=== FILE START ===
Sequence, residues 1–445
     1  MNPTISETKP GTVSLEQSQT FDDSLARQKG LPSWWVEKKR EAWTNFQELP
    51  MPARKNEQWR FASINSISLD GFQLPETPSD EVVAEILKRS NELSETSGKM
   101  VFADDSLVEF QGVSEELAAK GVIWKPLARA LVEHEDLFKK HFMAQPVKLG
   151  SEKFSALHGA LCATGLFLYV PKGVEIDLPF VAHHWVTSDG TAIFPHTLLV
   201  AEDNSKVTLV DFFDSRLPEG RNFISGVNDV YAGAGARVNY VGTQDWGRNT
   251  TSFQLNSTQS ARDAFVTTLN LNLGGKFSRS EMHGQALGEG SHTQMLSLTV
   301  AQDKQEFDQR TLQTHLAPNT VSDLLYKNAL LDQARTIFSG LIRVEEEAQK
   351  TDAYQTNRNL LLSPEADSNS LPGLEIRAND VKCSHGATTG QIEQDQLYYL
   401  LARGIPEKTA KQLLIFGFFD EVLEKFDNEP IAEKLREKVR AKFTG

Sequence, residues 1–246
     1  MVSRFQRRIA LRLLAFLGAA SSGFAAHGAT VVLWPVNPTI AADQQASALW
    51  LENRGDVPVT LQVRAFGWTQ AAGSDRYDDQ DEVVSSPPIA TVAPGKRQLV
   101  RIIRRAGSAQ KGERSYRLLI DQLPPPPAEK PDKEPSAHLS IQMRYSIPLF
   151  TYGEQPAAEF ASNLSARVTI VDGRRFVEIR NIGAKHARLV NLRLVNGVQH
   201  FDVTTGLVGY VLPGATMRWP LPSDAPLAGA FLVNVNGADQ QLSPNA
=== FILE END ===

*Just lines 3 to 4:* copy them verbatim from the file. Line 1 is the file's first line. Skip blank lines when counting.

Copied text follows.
    51  MPARKNEQWR FASINSISLD GFQLPETPSD EVVAEILKRS NELSETSGKM
   101  VFADDSLVEF QGVSEELAAK GVIWKPLARA LVEHEDLFKK HFMAQPVKLG